George Orwell's 1984

Essay by strunkensurferA-, May 2004

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George Orwell's 1984 George Orwell's novel 1984 is a frightening example of a totalitarian government. This government of unchallenged power controls not only the present and future of its people, but also the past. Many times the Party, the name of the government, alters the past to suit its needs. Orwell's vision is frightening because of the total lack of freedom given to the people by the government. In many ways George Orwell's vision of the future has come true, and the similarities between the present and the world in George Orwell's 1984 are very frightening. In George Orwell's 1984 the situation of the people in Oceania seems extreme and impossible. In many ways those same situations are present today. Our government recently has greatly resembled the party in its use of doublespeak. Doublespeak, definition: two contradictory ideas expressed in such a way as to negate any confusion. Affirmative action, a recent hot topic in the election, is a definite example of one of these doublespeak plans that our government proposes so very often.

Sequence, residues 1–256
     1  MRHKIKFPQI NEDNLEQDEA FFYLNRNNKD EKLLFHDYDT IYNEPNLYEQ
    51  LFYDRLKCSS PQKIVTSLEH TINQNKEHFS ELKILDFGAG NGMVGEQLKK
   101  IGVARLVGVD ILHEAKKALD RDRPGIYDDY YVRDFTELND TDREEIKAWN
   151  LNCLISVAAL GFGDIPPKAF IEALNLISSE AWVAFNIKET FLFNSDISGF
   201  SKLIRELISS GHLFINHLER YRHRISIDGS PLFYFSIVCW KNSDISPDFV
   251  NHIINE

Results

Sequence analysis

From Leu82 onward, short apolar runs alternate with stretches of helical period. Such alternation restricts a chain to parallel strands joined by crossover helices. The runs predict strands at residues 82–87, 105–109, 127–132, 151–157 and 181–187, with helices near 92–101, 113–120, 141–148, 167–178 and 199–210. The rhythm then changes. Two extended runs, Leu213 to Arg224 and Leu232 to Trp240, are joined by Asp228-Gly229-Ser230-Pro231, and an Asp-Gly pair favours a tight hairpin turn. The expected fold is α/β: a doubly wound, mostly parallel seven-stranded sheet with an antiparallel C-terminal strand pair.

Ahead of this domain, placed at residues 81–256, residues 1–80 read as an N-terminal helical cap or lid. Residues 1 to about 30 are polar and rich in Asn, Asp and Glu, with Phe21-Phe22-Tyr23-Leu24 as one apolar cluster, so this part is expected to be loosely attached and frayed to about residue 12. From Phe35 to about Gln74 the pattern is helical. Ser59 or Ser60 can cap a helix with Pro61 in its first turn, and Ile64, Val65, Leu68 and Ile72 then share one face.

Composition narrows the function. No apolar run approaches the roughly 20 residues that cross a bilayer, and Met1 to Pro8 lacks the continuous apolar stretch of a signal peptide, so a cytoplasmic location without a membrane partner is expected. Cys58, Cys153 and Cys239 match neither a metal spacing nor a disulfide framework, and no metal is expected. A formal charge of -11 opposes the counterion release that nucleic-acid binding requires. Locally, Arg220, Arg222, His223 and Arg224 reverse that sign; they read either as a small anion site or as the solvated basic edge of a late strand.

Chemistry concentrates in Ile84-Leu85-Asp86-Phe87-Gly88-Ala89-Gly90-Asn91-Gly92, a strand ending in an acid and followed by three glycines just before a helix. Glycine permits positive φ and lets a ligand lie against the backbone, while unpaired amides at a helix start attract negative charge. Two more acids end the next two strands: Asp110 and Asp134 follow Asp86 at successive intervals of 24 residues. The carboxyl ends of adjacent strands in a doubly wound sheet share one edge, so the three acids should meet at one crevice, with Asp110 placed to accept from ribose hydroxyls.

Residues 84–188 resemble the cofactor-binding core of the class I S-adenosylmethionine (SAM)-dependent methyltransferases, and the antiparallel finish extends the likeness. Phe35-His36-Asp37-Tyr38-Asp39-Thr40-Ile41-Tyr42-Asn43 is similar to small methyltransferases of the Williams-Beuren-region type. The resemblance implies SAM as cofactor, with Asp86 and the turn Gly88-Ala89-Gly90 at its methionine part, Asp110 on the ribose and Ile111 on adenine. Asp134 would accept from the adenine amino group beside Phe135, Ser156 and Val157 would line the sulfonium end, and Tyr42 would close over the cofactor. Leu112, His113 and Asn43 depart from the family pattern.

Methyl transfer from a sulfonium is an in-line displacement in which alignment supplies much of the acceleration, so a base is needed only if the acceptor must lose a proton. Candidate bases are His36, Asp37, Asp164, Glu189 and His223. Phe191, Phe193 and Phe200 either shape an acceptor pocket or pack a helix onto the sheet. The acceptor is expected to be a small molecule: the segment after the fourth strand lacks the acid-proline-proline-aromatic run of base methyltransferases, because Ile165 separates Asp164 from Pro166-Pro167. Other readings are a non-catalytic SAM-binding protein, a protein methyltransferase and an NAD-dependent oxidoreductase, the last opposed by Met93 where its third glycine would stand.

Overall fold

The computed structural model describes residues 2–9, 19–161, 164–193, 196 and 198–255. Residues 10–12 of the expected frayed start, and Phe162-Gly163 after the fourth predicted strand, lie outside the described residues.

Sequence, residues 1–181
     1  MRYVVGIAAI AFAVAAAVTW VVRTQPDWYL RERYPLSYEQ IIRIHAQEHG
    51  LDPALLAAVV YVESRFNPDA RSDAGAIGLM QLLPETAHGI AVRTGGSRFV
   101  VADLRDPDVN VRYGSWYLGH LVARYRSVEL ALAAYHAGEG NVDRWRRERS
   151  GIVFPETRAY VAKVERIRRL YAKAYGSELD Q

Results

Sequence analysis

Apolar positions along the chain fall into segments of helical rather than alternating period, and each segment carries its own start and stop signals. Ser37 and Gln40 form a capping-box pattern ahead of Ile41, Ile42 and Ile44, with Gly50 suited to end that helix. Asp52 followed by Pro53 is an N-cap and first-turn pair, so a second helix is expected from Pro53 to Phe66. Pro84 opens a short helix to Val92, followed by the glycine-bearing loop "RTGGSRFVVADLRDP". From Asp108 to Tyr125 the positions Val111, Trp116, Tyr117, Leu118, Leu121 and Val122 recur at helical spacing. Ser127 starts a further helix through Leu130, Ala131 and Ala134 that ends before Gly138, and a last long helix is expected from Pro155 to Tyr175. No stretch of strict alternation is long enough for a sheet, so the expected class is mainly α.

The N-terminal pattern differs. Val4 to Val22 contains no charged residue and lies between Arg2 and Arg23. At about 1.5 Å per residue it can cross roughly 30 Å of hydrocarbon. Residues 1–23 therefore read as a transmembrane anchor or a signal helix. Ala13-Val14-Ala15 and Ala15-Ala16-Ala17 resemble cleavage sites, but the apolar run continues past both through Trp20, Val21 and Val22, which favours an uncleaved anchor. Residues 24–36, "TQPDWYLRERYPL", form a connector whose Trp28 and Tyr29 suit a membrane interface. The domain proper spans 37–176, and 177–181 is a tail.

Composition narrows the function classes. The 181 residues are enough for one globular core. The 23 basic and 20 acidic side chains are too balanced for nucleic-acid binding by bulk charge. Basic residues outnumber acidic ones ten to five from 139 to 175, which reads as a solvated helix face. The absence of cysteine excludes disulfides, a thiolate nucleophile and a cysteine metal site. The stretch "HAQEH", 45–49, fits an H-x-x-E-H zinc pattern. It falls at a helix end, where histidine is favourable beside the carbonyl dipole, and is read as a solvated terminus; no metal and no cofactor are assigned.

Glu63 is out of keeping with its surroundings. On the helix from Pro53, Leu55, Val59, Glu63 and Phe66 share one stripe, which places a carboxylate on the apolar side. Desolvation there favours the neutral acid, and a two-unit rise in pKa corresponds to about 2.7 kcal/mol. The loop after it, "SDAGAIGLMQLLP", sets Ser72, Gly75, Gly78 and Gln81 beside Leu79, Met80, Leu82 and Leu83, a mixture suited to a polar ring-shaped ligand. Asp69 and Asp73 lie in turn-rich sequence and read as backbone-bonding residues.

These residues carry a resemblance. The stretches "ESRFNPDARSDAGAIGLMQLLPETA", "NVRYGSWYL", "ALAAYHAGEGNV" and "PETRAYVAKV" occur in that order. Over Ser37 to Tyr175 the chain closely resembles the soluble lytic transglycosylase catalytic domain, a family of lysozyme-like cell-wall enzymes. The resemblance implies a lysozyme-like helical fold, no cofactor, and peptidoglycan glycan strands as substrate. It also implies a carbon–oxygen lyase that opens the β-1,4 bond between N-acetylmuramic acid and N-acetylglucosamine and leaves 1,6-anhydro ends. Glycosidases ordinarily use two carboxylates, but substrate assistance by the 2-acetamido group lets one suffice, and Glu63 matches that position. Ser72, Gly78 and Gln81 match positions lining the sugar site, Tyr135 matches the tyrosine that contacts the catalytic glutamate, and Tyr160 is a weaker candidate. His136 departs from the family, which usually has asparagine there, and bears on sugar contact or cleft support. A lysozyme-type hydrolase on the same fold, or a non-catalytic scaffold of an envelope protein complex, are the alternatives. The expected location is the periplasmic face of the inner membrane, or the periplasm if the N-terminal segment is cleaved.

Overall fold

One can easily see the contradiction in Affirmative Action, to help against discrimination during the hiring process by discriminating against others. To say that this is a great plan of action to stop discrimination during the hiring process is a folly. Their proposal of removing the discrimination merely redirects it. The government's attempt to control the situation in Bosnia is another example of our governments use of doublespeak. Our efforts to keep the peace in Bosnia is a glaring contradiction, keeping peace by threatening to kill. How can a peace-keeper convey the message of peace with an M-16 in his hands and a rocket propelled grenade (an RPG is similar to a bazooka) strapped to his back? Another example of doublespeak has greater implications, why...